Yesterday we carried out a quick survey of carpenters in Dublin to lay a 50m2 floating laminate wooden floor, labour only including removing and refitting the skirting boards and architraves. You can see the results of the survey below:-
Colin H: 200 euro would depend on amount of doors and amount of corners, shape of room, but that would be cheapest,if secret nailed hardwood would be 800
Brian I: Between 800 and 1000 depending on how many architraves
Arran O: I would be thinking around €400 labour only
Martin G: For 50m it would be 9euro a meter .skirting to fit 2euro a foot the same price to take it of.arka 20 euro a door. Plus nails & no nails.taking off the skirting boards can be trickey because of damage to walls .the man doing the job would have to do a site survey! If it is a good floor & you might put down a 6mil ply if the sub floor is not great
Andy B: About 10 euro a square meter all in including skirting and architraves. Only other cost would involve levelling really bad floors but generally the subfloor is good
Tiit T: 300 -600 Depends amount and shape of rooms. ( many closets etc.)
Darius J: I would say 500, but to confirm the price i have to see the job
Rolands J: The price for labour for 50 m2 will be 450 e. Price can depend from size of boards
I did a quick calculation on Martin’s figures above and if you had 3 rooms 4m x 4m each with one door in each room his figure works out at about €600. Andy’s quote works out at approximately €500 with a similar scenario. As you can see there is a wide variety of prices ranging from €200 – €1,000. Most prices are around 400 – 600 mark but make sure to ask if the price is inclusive or exclusive of VAT as you don’t want to get caught at the end of the job being asked for VAT on top of the price you were quoted.
Prices of wooden flooring range from as little as €5.99 a square yard to over €50 a square yard. The laminates are cheaper in price but my understanding is that if you pick a good laminate it will be more resistant to getting marked and scratched than the semi solid woods. I put a semi-industrial grade laminate floor in a house I had rented about 12 years ago and it is as good today as the day I put it in. I was told at the time that you could stamp out a cigarette butt on it without marking it!! I hope nobody ever did stamp out a cigarette butt on it but it was a great comfort to know it was so hardwearing. In the meantime my father put down an oak semi solid floor about 7 years ago and it has a lot of scratches and marks on it and it needs to be varnished every so often.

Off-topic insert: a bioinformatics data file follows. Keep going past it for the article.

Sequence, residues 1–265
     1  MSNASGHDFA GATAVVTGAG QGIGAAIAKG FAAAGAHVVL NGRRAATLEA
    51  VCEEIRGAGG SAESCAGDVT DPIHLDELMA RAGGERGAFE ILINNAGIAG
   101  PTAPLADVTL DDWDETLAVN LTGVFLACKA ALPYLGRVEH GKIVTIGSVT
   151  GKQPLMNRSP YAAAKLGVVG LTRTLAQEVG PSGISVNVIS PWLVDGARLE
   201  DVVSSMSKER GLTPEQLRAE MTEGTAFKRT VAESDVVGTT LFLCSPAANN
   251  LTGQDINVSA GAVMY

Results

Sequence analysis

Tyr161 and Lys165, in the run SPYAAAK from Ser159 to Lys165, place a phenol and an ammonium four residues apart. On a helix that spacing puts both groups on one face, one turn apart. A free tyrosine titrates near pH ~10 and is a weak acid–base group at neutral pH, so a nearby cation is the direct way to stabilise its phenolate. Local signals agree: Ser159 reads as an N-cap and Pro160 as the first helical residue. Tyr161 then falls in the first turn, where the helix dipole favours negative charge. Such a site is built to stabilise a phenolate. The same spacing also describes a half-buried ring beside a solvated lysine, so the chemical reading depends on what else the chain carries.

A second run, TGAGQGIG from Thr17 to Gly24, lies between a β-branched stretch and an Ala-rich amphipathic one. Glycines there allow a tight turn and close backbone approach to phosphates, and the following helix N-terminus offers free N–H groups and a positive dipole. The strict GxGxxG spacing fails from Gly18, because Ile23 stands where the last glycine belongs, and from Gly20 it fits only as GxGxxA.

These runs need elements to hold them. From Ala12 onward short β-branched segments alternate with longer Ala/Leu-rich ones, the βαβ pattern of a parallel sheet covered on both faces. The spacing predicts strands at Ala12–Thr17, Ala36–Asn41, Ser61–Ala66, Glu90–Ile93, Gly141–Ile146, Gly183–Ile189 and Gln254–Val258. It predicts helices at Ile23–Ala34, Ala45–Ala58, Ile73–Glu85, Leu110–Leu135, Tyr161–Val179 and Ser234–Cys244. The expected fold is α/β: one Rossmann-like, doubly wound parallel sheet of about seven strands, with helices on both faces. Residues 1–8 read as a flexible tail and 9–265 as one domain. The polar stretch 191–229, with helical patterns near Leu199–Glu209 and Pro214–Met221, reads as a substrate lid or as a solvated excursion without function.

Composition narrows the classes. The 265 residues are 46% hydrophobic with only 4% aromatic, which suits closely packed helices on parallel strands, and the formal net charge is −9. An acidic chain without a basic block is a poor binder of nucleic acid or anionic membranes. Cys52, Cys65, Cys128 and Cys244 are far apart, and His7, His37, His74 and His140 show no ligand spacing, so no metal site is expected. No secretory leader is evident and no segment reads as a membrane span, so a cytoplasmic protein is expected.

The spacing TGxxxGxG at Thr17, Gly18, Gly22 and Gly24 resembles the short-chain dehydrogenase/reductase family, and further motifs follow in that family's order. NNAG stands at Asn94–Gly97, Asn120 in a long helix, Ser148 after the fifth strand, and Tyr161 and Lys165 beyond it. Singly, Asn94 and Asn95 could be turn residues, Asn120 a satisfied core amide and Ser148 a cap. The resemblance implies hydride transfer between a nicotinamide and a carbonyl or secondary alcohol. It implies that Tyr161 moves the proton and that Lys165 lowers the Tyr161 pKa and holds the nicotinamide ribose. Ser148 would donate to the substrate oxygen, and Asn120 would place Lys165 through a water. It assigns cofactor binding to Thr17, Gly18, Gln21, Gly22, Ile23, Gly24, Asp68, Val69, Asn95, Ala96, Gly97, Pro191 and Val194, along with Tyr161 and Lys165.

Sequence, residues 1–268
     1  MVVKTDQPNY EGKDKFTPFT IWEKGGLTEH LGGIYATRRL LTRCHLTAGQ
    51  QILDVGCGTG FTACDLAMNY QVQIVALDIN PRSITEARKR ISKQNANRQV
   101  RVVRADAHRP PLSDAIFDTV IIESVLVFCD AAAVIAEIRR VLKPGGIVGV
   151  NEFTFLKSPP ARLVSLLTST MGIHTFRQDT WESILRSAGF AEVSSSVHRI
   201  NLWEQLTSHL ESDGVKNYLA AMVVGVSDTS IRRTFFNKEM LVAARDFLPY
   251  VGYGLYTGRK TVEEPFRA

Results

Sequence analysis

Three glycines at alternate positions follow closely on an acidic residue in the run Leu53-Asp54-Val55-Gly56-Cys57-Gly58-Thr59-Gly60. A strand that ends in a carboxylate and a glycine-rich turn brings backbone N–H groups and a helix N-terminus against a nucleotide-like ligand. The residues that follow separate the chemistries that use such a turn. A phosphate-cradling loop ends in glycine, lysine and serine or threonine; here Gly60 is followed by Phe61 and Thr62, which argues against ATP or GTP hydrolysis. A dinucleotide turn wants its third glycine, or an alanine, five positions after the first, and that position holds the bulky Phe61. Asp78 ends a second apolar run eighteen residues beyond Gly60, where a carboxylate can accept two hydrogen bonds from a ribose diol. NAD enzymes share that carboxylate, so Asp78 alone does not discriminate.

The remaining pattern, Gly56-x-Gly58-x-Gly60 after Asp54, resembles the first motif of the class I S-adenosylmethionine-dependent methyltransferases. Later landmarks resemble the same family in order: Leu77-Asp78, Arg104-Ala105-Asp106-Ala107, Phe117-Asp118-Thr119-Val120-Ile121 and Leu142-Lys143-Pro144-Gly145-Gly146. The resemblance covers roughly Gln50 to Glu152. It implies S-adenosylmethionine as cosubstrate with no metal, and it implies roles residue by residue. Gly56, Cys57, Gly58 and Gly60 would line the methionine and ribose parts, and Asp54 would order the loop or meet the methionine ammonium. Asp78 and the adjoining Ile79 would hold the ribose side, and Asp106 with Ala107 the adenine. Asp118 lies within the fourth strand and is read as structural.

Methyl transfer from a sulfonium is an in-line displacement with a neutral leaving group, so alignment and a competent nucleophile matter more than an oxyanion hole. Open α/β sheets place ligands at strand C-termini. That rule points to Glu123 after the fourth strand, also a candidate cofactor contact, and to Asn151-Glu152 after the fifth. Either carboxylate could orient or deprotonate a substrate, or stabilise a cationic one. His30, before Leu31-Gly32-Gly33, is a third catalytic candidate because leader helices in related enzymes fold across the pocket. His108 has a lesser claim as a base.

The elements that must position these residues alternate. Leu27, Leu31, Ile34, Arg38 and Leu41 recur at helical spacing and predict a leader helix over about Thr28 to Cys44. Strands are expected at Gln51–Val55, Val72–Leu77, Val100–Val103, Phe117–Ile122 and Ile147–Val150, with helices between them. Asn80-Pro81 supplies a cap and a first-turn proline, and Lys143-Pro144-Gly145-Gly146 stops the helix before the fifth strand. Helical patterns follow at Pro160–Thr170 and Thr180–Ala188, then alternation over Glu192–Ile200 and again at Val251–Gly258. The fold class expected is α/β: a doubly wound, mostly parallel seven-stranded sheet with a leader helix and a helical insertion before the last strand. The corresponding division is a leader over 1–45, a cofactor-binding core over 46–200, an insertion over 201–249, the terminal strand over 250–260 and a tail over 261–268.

Another point to emphasise is the fact mentioned above about taking off the skirting boards being trickey. If the wall that the skirting is nailed or glued to is of poor quality or if the skirting has been nailed or glued too much then the wall or the skirting could be damaged when the skirting is being removed. It is very hard for the tradesman to know what it’s like until he actually takes off the skirting so it would be no harm to ask the carpenter beforehand has he allowed for any unforeseen problems like the walls or skirting getting damaged so that you have discussed it beforehand and there are no surprises. Also, it would usually be the painter who puts the fillers behind the skirting and the wall and into the nail holes when it is replaced and there could be some spot painting to be done of the wall or skirting so it is important that you have discussed this with the carpenter and that you are not mistakenly believing that the carpenter is going to do this work when he was leaving it for someone else.
One more thing, there are two ways you can finish the floor at the edges, you can take off the skirting boards and run the floor out to the wall and then put the skirting back on or you can run the floor out to the skirting and put a bead (let’s say 2inch x ¾ inch) on top of the floor where it meets the skirting and it covers up the crack at the edge. My own preference would be to take off the skirting and refit it. However, the advantage of putting the bead there is that it is quicker and takes less time. You should ask the carpenter to show you an example of both ways and discuss the advantages and disadvantages of each before proceeding with the job. This will also affect the quotes so make sure all of the carpenters are quoting for the same thing.
The usual rules apply with selecting a tradesman for the job, make sure to get references, insurance details and any other information that you need to make sure that you are totally happy with the tradesman that you choose.
I hope this helps some of you who are planning to get a wooden floor in the near future and don’t forget if you are looking to get some work done to post your wood flooring job here and get up to 4 quotes from rated tradesmen! Please feel free to comment below if you have any questions or comments.
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